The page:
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The Biggest Collection Of Black Voices On African Soil

Updated: Nov 12, 2021

Africa’s leading arts and book event Aké Festival will return from 22 – 25 October with a free programme of 65 inspiring talks, workshops, panel discussions and performances from the most exciting voices across Africa and the African Diaspora, hosted on a digital platform.

Actress Kelechi Okafor
Actress Kelechi Okafor

Now in its eighth year, Aké Festival is the world’s largest collection of African creative voices on African soil and hosts some of the most sought-after, innovative voices in black thought. Due to the global coronavirus crisis, Aké Festival will go digital for 2020. This online edition of the festival will be free to access by audiences all over the world, creating an important platform for the intellectually and culturally curious to take part in this celebration of Black excellence, resilience and resistance.

The theme for 2020 is African Time, in recognition of the global anti-racism movement that has gathered momentum and visibility in recent months. Audiences across the world are invited to join luminaries from contemporary fiction, non-fiction, poetry, film, theatre, music and visual arts in discussions about some of the most critical issues of our time, including race, gender, identity, equality and empathy.

Lola Shoneyin, Director and Founder: Aké Arts and Book Festival, says, “Our world has changed forever; the magnitude of recent events cannot be ignored. In 1918, African nations were in the clutches of imperial forces that degraded our stories, culture, history, language and belief systems. More than a century later, the Covid-19 pandemic finds Africa struggling with the colonial hangover of poor leadership and a predatory global order. Now is the time for Africa to recalibrate and break the cycle of betrayal by those elected to lead. It may have come later than hoped for, but, for the children of Africa everywhere, this is African Time.”

New York Times best-selling author Tayari Jones.
New York Times best-selling author Tayari Jones.

Festival programme

Over the course of the festival, attendees will be able to participate in 27 stimulating panel discussions, 20 author talks, storytelling sessions, three workshops, a concert, poetry performances, films and a stage play. Topics under discussion will range from intersectional feminism, blacktivism and colourism, to the burgeoning post-Covid mental health crisis and decolonisation of black spaces. Panel discussion highlights include: Black Women Harnessing Anger for Social Change; Publishing While Black; Decolonising Feminism in Africa; Writing Queer, Writing Black; and Why African Needs Feminist Giants. This year’s line-up of more than 130 authors, artists and creatives, includes the likes of Tayari Jones, Petina Gappah, Tochi Onyebuchi and Mona Eltahawy, to name a few.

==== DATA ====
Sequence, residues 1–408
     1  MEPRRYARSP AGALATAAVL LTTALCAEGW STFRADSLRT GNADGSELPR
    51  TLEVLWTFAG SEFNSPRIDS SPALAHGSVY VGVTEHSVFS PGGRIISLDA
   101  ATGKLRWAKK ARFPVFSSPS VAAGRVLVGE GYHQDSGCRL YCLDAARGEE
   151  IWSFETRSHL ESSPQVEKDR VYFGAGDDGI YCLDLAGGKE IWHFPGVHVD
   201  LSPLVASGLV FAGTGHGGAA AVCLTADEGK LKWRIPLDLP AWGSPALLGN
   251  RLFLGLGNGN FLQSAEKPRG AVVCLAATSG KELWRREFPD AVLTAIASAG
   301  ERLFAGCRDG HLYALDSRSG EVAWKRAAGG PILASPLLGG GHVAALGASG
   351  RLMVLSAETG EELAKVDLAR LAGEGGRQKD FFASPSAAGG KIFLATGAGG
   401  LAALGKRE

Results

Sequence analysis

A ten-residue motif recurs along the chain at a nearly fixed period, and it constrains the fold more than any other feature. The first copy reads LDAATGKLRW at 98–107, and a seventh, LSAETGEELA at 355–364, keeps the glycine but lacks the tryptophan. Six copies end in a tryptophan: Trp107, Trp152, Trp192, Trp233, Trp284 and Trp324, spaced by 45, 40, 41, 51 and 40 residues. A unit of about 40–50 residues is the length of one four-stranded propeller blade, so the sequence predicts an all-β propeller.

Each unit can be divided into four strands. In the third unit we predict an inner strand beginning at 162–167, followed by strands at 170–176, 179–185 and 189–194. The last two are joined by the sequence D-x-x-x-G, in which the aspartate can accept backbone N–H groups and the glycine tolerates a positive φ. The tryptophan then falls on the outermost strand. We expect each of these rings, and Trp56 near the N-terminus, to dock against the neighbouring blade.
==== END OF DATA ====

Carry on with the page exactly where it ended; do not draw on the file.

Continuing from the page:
On the morning of 25 October, a cross-religion communion will be held with leaders and practitioners from multiple religions and beliefs including Christianity, Islam and indigenous Nigerian faiths. Together they will ask universal questions like ‘why are we here?’ from their own religious perspectives.

Writer and filmmaker Afua Hirsch
Writer and filmmaker Afua Hirsch

Film, music and visual arts programme

Beyond the world of literature, Aké Festival has an incredible programme of film, music, theatre and visual arts. A new art project for 202 titled WS 20 for 20 will see Nobel Prize for Literature Laureate Wole Soyinka present 20 works from his astonishing collection of African antiquities, explaining their histories and personal significances. The contemporary art exhibition curated by Jessica Byenyan Bitrus, will adopt African Time as its theme and feature artists from all over the world.

On 22 October, the new film Elders Corner will be screened. Part of Sheffield Doc Fest 2020’s Official Selection, the film traces how Nigerian music – from the colourful, celebratory sounds of Juju music to the politicised urgency of Afrobeat – has spearheaded some of Africa’s most prominent musical movements and asks what has happened to these pioneers since their heydays.

On 23 October, the Festival will be taken over by a music concert featuring some of Africa’s most celebrated artists, including: Blackman Akéeb Kareem (sometimes described as the Mick Jagger of Africa), Malian BAFTA and Academy Award nominee Fatoumata Daiware, Falana, Beautiful Nubia, Urban Village, Maia and the Big Sky, Bab L' Bluz, Akua Naru, Joyce Olong and Christine Obiamalu.

The acclaimed new theatrical work Venus vs Modernity will have its digital premiere on the evening of 24 October. Produced by poet, artist, and activist Lebogang Mashile, the play explores the life of Sara Baartman, aka the Hottentot Venus, while 25 October will be a celebration of poetry in all its forms, featuring the likes of the award-winning British slam poet and Bristol City Poet 2018-2020 Vanessa Kisuule in addition to Afurakan, Vangi Gantsho, Ola Elhassan, Yomi Sode, D'bi Anitafrika, Titilope Sonuga, Paul Ward, Jabir Malik, Poetra Asantewa and Ndukwe Onuoha.

For more information, visit the website or get in touch via Facebook, Instagram and Twitter.



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